12:30 GMT20 October 2020
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    A recent White House decision to allow the sale of US fighter jets to Qatar was made to ensure that the country would also buy some $18.6 billion worth of Boeing commercial jetliners, say people close to the agreement.

    Defense One reported that the late September decision to sell $7 billion worth of F-15 fighter jets to Qatar and Kuwait, which had been delayed for over two years by Israeli fears that the weapons would be turned against Jerusalem, was finally allowed to pave the way for a purchase by Qatar Airways of the Boeing jetliners.

    The fighter jet sale was widely reported as approved September 28, and the Qatar Airways deal, announced October 7, followed it by just over a week. When asked during a Washington DC news conference the day the purchase was announced whether the sales were connected, Qatar Airways CEO Akbar Al Baker said, “We don’t relate anything to anything. Qatar Airways has an independent policy of ordering airplanes. So nothing is attached to anything.”

    Qatar had requested 36 F-15 fighter jets, a roughly $4 billion sale, with an option to buy up to an additional 36. The Kuwait sale of 28 Boeing F/A-18 E/F Super Hornets, with an option for up to 40 total, is valued at about $3 billion, Flight Global reports. The airliner deal, for the purchase of 30 787-9 Dreamliners and 10 777-ER passenger jets, both long-haul aircraft, is valued at $11.7 billion, according to Boeing. An additional letter of intent to purchase 60 737 MAX 8 aircraft, would add another $6.9 billion to the total.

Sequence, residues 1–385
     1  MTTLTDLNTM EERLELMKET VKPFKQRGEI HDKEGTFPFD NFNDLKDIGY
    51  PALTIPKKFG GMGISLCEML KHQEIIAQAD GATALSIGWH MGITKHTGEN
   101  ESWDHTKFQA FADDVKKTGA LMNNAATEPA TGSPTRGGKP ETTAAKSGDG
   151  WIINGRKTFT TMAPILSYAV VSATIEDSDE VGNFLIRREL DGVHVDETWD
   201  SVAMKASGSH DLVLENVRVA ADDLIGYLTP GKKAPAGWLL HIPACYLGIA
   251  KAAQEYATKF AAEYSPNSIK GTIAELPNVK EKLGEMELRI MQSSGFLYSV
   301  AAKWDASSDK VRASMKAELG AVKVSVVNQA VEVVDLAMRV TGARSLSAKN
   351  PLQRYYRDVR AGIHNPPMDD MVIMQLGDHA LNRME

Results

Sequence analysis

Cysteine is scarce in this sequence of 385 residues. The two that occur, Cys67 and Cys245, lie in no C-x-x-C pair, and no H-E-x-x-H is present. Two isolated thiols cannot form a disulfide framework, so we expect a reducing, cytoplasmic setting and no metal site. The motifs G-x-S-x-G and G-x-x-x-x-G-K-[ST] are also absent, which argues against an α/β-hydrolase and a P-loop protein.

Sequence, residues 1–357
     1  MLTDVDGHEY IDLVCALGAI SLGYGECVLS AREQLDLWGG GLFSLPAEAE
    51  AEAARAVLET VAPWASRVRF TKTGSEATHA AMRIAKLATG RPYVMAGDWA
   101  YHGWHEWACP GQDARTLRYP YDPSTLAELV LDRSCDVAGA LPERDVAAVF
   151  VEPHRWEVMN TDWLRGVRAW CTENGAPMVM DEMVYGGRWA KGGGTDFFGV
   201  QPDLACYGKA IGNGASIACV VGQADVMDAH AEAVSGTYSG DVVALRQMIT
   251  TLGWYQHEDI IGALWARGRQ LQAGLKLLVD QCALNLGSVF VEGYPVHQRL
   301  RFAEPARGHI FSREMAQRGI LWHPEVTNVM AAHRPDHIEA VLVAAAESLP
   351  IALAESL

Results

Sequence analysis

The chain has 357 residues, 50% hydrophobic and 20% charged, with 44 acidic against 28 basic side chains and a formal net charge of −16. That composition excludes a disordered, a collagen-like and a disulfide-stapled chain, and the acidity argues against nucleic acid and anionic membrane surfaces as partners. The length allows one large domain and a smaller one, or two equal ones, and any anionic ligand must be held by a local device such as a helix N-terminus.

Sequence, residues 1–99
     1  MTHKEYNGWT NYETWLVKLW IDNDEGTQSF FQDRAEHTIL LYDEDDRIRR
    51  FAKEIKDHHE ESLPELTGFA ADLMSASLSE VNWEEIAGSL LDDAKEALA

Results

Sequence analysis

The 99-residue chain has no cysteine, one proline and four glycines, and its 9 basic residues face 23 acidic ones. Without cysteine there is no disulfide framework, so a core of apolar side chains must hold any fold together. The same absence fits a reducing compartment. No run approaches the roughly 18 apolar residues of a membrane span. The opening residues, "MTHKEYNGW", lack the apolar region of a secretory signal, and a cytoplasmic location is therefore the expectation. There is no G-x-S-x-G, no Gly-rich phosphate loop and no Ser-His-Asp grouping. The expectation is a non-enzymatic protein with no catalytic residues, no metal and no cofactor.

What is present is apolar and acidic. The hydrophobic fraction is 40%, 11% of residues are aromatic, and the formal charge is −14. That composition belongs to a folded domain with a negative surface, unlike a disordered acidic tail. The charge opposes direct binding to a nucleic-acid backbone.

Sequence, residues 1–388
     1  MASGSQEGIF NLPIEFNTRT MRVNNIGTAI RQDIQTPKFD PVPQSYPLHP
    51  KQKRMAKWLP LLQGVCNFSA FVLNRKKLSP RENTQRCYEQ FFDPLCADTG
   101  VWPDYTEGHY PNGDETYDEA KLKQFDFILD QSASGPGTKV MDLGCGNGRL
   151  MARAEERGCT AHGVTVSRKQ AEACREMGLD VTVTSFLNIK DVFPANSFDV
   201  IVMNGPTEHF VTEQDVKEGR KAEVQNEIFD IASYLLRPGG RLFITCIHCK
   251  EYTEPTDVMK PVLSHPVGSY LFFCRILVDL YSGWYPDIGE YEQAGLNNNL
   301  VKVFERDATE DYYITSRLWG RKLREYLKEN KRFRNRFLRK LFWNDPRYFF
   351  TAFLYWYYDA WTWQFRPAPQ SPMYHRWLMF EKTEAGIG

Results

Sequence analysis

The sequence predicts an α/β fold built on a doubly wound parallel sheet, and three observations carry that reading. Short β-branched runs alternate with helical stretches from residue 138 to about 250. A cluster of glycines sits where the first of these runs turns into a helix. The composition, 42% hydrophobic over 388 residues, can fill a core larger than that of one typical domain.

US Deputy Secretary of State Tony Blinken, former deputy national security adviser to US President Barack Obama, was present at the DC news conference.  

    Defense One reported that the Qatar deal had been put on hold while the US negotiated a 10-year, $38 billion security package with Israel for 2018-2028. Defense News reported in February that Israel opposed the Qatar sale, unless the new aid deal included a few billion dollars more to allow Israel to upgrade its own fleet. The new Washington deal for Jerusalem – $3.8 billion a year for 10 years – is a record for defense aid to a country. Defense News reported that Israel was hoping for a deal closer to $50 billion over the same time frame.

    The sale comes just in time to save Boeing’s 40-year-old F-15 production line, which, it has been reported since 2014, was running out of the orders it needed to keep production going.

    Ray Conner, president and CEO of Boeing Commercial Airplanes, said at the October 7 press conference that the deal would affect more than 100,000 jobs across the US.  

    US, Israeli, and other officials have accused Qatar of supporting anti-Israel and terrorist groups. 


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